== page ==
The big picture: The story of how Nintendo's mascot got its name is almost as unlikely as his eventual success. Avoiding names like Mr. Video and Jumpman, Mario has been the face of the Japanese gaming giant for nearly four decades.

Mario Segale, the American businessman and real estate developer for which Nintendo's beloved mascot was named after, has died. He was 84 years old.

Mario was created by Shigeru Miyamoto as the playable character in Donkey Kong. According to record, the character - who went unnamed in the Japanese release - was originally called Mr. Video but had his name changed to Jumpman.

As the story goes, Nintendo of America rented a warehouse from Mario Segale in the early 1980s. When Nintendo was late on a rent payment, Segale confront then-president Minoru Arakawa. The confrontation apparently led to Nintendo naming the character Mario after him. Some retellings even suggest the "Super" in Super Mario was a nod to Segale's role as the superintendent of the building (super is another word for a caretaker of a building).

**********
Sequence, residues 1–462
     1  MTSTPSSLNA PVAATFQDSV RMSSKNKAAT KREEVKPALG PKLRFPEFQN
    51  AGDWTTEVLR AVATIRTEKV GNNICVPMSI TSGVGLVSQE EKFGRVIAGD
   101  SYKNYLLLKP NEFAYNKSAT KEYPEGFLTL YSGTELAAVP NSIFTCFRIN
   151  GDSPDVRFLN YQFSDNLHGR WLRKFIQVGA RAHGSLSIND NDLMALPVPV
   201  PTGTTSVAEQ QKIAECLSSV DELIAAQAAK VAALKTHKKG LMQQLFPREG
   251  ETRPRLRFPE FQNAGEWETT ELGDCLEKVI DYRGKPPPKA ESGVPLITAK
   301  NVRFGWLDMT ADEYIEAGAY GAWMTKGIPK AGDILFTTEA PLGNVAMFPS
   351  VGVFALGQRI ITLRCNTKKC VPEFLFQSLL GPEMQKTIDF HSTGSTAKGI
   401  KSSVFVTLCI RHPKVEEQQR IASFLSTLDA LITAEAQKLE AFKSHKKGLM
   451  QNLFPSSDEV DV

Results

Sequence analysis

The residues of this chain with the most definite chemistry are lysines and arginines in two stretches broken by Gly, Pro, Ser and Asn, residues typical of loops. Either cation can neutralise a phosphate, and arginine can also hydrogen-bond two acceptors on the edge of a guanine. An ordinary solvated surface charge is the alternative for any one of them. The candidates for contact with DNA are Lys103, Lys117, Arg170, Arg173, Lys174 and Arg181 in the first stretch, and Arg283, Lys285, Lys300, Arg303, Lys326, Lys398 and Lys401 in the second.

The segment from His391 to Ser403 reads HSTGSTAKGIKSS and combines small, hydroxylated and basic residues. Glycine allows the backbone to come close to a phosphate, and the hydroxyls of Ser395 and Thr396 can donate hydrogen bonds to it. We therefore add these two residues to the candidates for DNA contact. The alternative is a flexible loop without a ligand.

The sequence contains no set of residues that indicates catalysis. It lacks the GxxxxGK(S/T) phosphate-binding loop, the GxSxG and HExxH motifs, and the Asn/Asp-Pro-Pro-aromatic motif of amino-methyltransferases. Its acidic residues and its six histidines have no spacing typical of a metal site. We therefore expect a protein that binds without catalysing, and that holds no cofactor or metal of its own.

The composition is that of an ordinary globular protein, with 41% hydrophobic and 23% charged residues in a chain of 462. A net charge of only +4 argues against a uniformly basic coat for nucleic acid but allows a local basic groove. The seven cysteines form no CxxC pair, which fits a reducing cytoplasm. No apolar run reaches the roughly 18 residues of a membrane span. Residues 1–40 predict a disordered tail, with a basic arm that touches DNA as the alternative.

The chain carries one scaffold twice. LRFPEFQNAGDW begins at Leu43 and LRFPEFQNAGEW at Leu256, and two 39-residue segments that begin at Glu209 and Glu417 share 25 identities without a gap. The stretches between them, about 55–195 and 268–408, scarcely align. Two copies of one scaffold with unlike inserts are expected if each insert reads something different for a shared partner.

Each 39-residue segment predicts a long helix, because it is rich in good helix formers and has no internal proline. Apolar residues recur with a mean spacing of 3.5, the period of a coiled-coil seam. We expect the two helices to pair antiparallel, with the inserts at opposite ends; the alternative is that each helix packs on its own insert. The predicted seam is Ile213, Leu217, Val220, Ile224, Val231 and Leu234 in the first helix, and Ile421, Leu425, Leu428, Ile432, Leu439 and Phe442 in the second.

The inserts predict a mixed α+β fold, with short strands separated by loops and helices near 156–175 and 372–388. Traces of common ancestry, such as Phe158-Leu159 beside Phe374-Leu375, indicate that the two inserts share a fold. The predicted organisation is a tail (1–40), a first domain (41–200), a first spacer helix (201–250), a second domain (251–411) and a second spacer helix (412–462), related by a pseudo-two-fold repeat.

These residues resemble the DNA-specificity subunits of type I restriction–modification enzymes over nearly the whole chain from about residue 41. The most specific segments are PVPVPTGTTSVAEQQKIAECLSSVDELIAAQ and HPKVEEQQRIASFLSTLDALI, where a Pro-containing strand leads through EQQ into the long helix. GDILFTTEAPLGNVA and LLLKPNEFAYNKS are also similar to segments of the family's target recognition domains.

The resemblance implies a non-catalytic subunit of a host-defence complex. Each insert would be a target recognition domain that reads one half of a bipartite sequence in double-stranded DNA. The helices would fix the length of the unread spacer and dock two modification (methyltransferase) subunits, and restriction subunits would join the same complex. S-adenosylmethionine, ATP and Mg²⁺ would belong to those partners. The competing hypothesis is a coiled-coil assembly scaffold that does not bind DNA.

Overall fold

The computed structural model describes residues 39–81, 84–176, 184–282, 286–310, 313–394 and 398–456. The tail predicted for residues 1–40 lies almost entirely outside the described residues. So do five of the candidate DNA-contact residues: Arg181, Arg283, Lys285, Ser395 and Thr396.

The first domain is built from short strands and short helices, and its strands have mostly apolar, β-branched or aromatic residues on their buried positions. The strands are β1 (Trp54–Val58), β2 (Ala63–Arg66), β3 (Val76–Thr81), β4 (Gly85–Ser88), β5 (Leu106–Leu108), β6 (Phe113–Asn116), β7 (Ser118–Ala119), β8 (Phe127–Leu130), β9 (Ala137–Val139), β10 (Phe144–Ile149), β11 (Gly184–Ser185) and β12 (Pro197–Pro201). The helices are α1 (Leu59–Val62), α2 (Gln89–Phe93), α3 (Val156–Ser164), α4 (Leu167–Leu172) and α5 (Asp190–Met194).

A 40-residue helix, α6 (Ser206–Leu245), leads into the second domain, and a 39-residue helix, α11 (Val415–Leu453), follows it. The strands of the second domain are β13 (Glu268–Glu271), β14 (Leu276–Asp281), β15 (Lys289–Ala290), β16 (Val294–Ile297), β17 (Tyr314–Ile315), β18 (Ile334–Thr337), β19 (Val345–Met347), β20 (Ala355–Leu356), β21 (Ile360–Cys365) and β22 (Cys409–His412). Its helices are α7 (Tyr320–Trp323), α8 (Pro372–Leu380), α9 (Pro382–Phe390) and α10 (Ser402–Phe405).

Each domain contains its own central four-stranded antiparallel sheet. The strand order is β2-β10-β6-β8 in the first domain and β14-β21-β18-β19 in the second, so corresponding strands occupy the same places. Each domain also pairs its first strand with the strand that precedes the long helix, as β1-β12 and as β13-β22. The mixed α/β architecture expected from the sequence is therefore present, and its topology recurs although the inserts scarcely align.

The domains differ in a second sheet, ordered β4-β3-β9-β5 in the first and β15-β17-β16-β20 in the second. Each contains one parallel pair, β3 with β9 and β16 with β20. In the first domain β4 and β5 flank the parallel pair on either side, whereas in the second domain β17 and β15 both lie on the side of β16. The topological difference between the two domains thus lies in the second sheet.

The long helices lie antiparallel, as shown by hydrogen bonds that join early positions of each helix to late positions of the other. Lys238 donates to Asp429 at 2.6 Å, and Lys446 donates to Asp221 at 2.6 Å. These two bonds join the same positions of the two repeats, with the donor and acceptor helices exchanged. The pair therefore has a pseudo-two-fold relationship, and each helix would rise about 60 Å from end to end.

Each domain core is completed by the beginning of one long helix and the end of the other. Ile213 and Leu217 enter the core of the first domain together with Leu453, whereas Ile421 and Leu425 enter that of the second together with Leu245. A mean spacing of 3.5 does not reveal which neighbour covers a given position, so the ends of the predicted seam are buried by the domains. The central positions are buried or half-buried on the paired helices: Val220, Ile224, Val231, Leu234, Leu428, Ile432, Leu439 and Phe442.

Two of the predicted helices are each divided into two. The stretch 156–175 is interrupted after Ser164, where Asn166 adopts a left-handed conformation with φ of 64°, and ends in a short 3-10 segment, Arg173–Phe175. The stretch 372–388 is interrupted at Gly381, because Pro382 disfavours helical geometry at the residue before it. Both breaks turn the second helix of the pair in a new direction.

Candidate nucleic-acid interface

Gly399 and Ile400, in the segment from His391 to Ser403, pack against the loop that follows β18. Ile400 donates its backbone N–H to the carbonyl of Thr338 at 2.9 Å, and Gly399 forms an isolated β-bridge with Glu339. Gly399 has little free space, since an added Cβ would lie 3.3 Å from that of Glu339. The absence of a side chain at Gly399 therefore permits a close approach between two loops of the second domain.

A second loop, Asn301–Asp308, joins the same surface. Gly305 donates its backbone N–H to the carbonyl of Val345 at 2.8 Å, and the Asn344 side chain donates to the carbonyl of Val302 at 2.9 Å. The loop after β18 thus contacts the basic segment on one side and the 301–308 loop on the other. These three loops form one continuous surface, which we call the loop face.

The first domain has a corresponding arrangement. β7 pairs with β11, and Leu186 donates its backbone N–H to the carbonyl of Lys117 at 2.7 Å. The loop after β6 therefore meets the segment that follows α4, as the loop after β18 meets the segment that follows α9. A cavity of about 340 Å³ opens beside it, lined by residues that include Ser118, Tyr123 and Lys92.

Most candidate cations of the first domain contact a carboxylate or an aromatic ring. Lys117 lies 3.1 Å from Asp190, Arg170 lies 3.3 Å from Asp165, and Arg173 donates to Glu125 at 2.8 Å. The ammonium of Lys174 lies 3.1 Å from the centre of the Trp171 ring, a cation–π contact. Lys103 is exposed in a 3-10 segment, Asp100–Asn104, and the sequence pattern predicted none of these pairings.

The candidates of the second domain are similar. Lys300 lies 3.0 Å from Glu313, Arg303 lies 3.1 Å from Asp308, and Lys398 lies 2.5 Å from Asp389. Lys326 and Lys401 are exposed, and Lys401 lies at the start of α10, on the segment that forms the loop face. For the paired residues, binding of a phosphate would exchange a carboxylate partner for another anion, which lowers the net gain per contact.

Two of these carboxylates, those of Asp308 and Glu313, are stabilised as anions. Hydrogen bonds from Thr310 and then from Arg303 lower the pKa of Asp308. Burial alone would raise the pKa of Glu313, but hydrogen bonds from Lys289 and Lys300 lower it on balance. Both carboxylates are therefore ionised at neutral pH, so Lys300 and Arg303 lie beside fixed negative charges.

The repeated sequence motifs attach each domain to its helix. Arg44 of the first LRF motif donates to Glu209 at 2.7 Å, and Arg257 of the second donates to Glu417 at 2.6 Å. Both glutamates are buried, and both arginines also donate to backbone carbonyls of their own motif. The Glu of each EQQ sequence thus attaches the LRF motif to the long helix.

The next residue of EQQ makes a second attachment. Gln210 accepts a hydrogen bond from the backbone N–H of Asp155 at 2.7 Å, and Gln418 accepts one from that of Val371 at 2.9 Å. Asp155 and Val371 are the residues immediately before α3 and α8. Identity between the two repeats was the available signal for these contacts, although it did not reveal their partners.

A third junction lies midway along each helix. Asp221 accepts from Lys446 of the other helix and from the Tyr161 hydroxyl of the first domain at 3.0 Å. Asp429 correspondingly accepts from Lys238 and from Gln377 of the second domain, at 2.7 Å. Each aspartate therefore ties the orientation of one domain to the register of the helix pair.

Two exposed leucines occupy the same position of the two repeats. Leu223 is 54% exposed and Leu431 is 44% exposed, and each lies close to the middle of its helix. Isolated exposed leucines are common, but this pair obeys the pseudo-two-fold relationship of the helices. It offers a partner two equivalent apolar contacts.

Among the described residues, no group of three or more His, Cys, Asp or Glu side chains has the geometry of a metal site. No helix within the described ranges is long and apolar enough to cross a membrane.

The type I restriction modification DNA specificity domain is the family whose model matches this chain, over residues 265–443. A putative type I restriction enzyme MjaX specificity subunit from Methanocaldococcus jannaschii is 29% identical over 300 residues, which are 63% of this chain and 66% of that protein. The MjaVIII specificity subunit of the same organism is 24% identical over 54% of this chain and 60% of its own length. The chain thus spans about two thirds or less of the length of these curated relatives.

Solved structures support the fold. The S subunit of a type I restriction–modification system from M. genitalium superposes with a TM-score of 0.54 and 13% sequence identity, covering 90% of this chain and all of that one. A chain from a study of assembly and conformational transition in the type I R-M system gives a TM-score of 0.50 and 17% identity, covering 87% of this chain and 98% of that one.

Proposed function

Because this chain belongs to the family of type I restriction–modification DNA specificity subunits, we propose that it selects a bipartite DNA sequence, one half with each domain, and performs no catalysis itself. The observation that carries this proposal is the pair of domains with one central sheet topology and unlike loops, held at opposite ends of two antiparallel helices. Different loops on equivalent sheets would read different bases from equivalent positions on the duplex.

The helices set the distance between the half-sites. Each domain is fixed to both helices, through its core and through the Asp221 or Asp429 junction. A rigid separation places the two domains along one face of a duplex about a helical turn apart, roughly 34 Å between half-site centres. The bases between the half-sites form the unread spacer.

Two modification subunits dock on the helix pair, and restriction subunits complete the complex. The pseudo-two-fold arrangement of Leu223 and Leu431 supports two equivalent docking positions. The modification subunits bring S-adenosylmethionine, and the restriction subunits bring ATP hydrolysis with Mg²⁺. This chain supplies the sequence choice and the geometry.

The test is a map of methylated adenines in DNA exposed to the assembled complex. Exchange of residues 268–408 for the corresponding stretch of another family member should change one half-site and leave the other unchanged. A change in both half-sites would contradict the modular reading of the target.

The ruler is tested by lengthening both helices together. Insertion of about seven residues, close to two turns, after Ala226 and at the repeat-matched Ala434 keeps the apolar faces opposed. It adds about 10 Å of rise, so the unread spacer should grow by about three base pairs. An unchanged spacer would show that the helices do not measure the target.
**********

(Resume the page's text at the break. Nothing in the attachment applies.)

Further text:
Miyamoto in 2015 confirmed that Mario was indeed named after the former warehouse landlord.

Had Mario appeared as Jumpman or worse, Mr. Video, he probably never would have become the face of Nintendo.

Segale died on October 27. His obituary in The Seattle Times notes that he always ducked the notoriety associated with Nintendo's mascot because he wanted to be known instead for what he accomplished in life.